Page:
Thursday, July 30, 2015


Here are a few highlights from a recent short trip to South Africa and Zimbabwe:

  1. Seeing lions, cheetahs, rhinos, elephants, buffaloes, hyenas, and giraffes on a game reserve.
  2. Visiting the former residence of a worldwide icon whose life was devoted to eradicating oppression, Nelson Mandela.
  3. Enjoying a sunset cruise along the Zambezi River.
  4. Experiencing one of the world's largest waterfalls, Victoria Falls, on the border of Zimbabwe and Zambia.
  5. Drinking South African wine.

Is there any possible way that our beat up, disrespected town could offer a similar experience? Shockingly, sort of:
  1. Okay, so deer, rabbits, and squirrels don't quite match up to the above.
  2. Rochester boasts the former residence of an individual who fought against the oppression of women, Susan B. Anthony.  Although perhaps not as iconic as Mandela, her work was clearly critical.  She, like Mandela, was arrested for her passion (granted she did not spend 27 years in prison).  Rochester was also home to one of the most important abolitionists, Frederick Douglass.
  3. Cruises along the Erie Canal and Canandaigua Lake are readily available.  (I've done neither but have heard they are well worth doing.)
  4. Rochester is about 90 minutes from another one of the world's largest waterfalls, also on the border of two countries, Niagara Falls.  Closer to home, Rochester's High Falls is considered the largest urban waterfall in the country.
  5. The local wine scene is pretty sweet.

High Falls

(A tiny part of) Victoria Falls 

Wednesday, July 22, 2015


Rochesterians benefit from a low cost of living and remarkably short commute times.  Coupled with the fact that no sacrifice occurs from an educational or cultural perspective, the overall package is nothing short of marvelous.  We've seen that this high quality of life might explain the high rate of volunteerism.  One would imagine that it might also translate into less stress.

CNNMoney recently ranked 55 metropolitan areas with over 1 million people in terms of stress.  The methodology looked at five broad categories including the economy and money, work, family, lifestyle, and crime.  The 10 Least Stressed Out Cities (from most to least stressed) were:

  • Sacramento, CA
  • San Jose, CA
  • Pittsburgh, PA
  • Hartford, CT
  • Buffalo, NY
  • Richmond, VA
  • Minneapolis, MN
  • Raleigh, NC
  • Rochester, NY - 2nd least stressed
  • Salt Lake City, UT

Thursday, July 16, 2015


Even the staunchest Rochester pessimists concede one positive about the region: the summers are phenomenal.  In addition to providing a ludicrous number of cultural festivals, music events, free movies, and outdoor activities, the summers are...comfortable.  With oppressive heat being kept to a minimum, Rochesterians can enjoy the season without losing IQ and gaining irritability.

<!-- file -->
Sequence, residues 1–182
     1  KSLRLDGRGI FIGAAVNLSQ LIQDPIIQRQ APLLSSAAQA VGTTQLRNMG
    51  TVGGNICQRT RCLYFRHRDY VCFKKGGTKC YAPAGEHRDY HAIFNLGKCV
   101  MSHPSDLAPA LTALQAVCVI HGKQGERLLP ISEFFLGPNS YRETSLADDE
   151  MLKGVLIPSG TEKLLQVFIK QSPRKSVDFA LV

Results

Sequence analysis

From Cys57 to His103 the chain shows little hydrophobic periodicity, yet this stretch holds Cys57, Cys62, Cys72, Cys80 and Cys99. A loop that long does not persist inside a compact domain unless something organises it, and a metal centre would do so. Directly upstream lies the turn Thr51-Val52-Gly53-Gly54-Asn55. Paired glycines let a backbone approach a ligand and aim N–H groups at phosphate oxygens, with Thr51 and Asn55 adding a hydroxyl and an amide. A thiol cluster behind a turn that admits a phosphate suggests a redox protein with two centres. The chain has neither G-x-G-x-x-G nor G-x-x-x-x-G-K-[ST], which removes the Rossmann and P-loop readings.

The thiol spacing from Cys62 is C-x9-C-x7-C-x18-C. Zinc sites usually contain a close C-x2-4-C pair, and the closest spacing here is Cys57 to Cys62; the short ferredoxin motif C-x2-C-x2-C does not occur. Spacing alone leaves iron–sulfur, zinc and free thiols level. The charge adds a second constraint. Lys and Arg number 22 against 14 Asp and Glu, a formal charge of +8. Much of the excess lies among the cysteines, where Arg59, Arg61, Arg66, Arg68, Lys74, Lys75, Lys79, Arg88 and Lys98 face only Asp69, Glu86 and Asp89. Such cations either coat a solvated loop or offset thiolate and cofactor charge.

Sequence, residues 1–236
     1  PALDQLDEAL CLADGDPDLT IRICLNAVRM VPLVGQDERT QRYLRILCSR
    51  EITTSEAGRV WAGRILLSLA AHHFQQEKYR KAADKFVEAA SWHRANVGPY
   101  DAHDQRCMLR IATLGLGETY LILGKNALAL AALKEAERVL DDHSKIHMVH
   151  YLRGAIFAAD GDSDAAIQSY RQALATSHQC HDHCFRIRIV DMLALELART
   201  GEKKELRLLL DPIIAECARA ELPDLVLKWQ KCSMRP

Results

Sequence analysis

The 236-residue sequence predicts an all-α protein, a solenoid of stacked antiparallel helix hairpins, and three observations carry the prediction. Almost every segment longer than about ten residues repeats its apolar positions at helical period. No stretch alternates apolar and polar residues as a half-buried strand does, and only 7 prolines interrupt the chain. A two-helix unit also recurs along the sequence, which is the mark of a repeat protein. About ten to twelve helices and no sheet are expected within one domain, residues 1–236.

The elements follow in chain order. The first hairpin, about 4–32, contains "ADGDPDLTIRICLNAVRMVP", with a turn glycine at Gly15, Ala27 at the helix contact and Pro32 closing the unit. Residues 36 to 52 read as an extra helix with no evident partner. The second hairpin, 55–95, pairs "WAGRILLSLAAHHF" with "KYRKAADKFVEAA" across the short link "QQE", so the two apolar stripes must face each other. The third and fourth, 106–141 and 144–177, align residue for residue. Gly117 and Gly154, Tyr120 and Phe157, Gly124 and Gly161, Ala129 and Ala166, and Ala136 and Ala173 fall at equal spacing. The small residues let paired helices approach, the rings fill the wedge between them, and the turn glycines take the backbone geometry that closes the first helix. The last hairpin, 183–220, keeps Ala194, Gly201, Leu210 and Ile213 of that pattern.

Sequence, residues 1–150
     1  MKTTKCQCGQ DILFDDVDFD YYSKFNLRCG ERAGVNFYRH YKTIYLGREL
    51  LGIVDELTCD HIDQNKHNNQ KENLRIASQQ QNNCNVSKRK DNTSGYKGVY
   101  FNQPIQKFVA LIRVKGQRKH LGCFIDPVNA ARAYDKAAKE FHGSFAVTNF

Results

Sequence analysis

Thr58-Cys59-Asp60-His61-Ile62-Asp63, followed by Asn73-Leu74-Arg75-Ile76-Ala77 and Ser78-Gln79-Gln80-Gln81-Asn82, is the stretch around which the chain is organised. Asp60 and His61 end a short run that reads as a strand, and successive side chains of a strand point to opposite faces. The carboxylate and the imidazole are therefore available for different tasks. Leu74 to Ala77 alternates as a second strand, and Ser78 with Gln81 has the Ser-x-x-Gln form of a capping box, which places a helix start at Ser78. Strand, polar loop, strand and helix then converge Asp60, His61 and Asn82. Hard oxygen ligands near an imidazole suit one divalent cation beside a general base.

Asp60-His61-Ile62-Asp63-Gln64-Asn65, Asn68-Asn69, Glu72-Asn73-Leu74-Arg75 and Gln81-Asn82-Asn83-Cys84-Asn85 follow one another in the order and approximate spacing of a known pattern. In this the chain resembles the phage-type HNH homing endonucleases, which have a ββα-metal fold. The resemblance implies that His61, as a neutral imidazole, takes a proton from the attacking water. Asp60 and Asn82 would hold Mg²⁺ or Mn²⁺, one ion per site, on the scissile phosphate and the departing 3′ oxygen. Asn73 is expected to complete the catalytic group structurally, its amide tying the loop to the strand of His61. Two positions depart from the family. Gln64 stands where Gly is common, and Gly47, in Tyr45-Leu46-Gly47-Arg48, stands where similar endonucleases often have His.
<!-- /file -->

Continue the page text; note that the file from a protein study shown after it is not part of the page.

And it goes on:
Just how pleasant are the summers? Among the country's 51 largest metropolitan areas, here is the short list of the regions with a mean June-August temperature under 70 degrees:

  • San Francisco, CA (61)
  • Seattle, WA (65)
  • Portland, OR (67)
  • San Jose, CA (69)
  • San Diego, CA (69)
  • Buffalo, NY (69)
  • Rochester, NY (69)

Monday, July 13, 2015


As noted by RocWiki, the sun always shines in Rochester (at the proper altitude.)  The reality is that a few clouds can be seen in the Rochester sky from time to time.  And from time to time, the clouds can bring a touch of precipitation.  Precipitation comes from the condensation of water vapor in the atmosphere and subsequently falls to the surface of the earth.  Aside from giving local meteorologists a challenge and causing many a Rochesterian to whine, precipitation provides one other thing...water.  Thanks to this water, Rochester does not have:

  • Extreme to exceptional drought, as is being seen in much of the country's most populated state

On the other hand, Rochester does have:
  • 7% of the world's fresh water supply

Tuesday, July 7, 2015


As seen previously, the Rochester region has a worthy (yet unbranded) world-class university as well as one of the best value public universities in the country.  But if neither of these seems appealing, perhaps yet another understated jewel might.  Rochester Institute of Technology (RIT) is without a doubt one of the area's finest assets:

  • In 2012, RIT's Kate Gleason College of Engineering was ranked by Business Insider as the 27th best engineering school in the world.
  • RIT's co-op program is the fourth oldest and one of the largest in the world.
  • RIT's student business incubator has been recognized as the best in the country.
  • In 2014, RIT was ranked as the nation's Geekiest Campus.  Since geeks earn more, that's a good thing.
  • RIT is consistently recognized by The Princeton Review as one of North America's greenest universities.
  • RIT's National Technical Institute for the Deaf is the largest technical college in the world for students who are deaf or hard of hearing.
  • In addition to treating students well, RIT also treats its employees with class.  It has been deemed as one of the Top 25 universities to work for in the country.